Friday, October 29, 2010

Maizie

I'm sorry to report that Maizie died of her cancer. Her surgery went well but during recovery she was in the middle of fixing up her nest and she just instantly died. She was not in pain, however, and was acting completely fine - eating, being curious, grooming, making her nests. The doc got all the cancer out because it was localized to her leg, but sometimes there is a delayed reaction to surgery in these very tiny animals, called DIC, I think. I was heartbroken and couldn't bring myself to write about it for awhile.

I have fallen in love with a species that only lives about 2 years. Some of my hamsters live up to 5 years because I take extremely careful care of them, giving them supplements, getting to the vet with any problems, trimming their teeth if they have overgrowth, all the upkeep that takes attention to detail. But still, they just don't live all that long.

I've considered not having hamsters because of the ongoing heartbreak, but I've decided it's worth the heartbreak just to know them. I'd rather deal regularly with the cycle of life and death, love and loss, than live without them at all. They are such amazing, complex, magical little beings. Who knew that the Syrian Ground Squirrel had so many charms?

Many of my hamsters come to me when called by name, and they get all excited when I walk into the room, coming to the door of their cages so I can easily pick them up and snuggle with them. They kiss me on the nose and snuggle under my chin to sleep, they bark at me when they want attention...

One way I've dealt with the constant loss is to breed a special hamster so that when he or she dies, I have her or his babies. In that way, hamsters from the past still live, generations later, through their offspring.

I don't breed a lot, but maybe one litter per generation.

It's the same way with us, isn't it? We achieve some kind of immortality through our children or through those we affect, love, mentor, teach, give to...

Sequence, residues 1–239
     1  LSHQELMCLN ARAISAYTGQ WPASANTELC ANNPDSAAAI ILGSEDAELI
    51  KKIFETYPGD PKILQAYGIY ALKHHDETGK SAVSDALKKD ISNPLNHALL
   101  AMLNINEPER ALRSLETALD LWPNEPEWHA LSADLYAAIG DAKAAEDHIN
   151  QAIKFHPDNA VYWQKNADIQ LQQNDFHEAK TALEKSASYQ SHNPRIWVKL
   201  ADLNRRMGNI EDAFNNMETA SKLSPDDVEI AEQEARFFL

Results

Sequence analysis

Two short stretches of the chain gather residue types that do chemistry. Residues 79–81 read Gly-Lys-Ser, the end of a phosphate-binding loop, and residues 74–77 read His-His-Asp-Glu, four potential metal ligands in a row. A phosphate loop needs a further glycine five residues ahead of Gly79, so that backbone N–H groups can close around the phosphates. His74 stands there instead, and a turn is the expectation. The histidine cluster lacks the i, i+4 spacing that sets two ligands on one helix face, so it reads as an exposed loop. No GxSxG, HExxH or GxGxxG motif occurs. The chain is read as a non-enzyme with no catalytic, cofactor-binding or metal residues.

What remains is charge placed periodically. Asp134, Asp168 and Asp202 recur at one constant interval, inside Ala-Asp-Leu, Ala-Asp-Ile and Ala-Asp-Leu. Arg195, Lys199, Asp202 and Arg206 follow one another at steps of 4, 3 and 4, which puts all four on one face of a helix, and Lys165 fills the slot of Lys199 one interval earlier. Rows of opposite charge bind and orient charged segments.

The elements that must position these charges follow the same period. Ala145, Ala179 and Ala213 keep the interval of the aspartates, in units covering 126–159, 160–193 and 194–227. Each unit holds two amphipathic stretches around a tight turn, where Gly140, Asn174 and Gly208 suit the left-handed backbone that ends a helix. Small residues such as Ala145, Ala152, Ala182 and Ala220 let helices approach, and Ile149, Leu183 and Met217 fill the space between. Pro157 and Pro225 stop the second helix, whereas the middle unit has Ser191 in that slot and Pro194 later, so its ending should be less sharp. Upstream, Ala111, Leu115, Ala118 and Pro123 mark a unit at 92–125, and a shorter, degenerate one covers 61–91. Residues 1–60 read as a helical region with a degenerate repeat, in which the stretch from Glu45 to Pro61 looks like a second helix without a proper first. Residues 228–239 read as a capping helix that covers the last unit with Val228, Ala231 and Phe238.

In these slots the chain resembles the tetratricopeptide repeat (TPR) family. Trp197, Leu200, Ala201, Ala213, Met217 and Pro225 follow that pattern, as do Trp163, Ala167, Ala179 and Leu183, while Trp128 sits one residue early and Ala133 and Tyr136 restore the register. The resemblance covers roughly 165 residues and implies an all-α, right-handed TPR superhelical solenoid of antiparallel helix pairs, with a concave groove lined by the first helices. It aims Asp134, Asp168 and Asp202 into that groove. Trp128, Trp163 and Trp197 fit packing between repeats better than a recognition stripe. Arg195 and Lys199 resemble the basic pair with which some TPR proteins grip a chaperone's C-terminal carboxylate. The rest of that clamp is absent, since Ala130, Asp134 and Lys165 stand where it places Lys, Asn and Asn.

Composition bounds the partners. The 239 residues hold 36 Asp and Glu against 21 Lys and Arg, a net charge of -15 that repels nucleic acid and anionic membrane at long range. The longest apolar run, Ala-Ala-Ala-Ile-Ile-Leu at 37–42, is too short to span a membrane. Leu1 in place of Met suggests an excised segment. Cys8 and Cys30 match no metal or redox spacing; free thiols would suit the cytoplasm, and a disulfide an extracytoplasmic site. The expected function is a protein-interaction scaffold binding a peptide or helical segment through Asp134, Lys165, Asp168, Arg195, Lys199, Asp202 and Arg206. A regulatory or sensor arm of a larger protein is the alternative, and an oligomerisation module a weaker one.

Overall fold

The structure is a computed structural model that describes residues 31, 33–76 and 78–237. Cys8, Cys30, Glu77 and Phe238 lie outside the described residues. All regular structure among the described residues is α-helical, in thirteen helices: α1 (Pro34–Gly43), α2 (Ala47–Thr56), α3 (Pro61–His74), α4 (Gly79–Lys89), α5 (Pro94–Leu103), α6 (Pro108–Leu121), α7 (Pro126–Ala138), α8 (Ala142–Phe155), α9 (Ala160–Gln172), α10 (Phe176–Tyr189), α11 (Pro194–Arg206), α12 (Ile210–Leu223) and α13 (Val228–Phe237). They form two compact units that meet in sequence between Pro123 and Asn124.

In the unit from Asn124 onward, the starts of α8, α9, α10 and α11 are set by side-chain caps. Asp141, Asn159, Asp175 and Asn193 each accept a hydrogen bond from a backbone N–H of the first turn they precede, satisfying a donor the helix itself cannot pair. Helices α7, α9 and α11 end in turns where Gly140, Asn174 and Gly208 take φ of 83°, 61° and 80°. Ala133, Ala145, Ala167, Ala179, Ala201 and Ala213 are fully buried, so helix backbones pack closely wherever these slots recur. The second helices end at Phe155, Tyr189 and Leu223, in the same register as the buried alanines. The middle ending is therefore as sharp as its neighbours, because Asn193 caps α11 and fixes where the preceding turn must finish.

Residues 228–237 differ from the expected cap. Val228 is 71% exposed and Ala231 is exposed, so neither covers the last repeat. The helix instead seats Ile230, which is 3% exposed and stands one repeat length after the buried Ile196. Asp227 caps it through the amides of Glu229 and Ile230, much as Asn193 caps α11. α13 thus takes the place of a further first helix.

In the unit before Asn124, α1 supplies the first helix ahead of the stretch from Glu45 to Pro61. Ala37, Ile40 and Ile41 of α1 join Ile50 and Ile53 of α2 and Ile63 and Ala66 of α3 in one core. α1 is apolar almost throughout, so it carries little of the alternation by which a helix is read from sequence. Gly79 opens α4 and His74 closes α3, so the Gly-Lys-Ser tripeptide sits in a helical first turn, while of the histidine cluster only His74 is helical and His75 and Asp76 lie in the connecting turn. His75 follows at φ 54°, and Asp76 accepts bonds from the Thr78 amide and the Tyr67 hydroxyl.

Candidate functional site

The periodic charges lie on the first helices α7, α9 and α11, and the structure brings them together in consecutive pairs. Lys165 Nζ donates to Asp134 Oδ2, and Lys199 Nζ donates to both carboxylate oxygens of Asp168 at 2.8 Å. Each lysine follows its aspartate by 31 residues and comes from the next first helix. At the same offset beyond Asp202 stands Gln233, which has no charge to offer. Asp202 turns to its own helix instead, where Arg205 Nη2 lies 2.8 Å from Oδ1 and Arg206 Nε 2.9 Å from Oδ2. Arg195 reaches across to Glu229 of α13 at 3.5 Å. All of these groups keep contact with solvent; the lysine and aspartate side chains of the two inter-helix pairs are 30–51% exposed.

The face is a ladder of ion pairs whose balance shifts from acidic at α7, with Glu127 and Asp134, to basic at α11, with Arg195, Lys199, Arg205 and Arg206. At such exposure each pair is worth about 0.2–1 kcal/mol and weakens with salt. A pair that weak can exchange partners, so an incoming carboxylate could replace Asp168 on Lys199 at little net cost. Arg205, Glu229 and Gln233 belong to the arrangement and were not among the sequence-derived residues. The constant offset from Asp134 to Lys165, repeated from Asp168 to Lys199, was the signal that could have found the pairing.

This time, though, I bred 4 very special sisters all at once, 2 years ago. I did that because I've found that if one hamster becomes a nervous mother and starts to be unable to care for her babies properly, I can quickly foster those babies into the other litters as long as they're all the same age. So I bred these 4 sisters all on the same night (they seem to go into heat all together at the same time). It worked out well, although for the last 2 years I've had a LOT of hamsters to take care of, or to pay someone to take care of when I travel.

But that's ok. I'm home in bed most of the time and am almost always cuddling with a hamster, so they all get plenty of attention.

But now it's going to be a very difficult season, since they're all getting very old at once. I knew, of course, that this would happen. But that doesn't make it any easier to be losing so many precious friends one right after the other.

Again, it's worth it. And as I've said before, the fact that we outlive our pets is a blessing in that we are able to shepherd them gently through their old age and illnesses and death, rather than us dying first and not knowing if they'll ever be loved or treated in the way we would love and treat them.

I have made arrangements for my animals should that happen, and I highly suggest doing this. Cat and I have mutually agreed to adopt each others' dogs if something happened to one of us, and I have someone who would take my hamsters. I had someone who would have taken care of Wesley, but still, I wouldn't have wanted to have to take any chances with his future, especially with him being so sensitive and so "one person" oriented.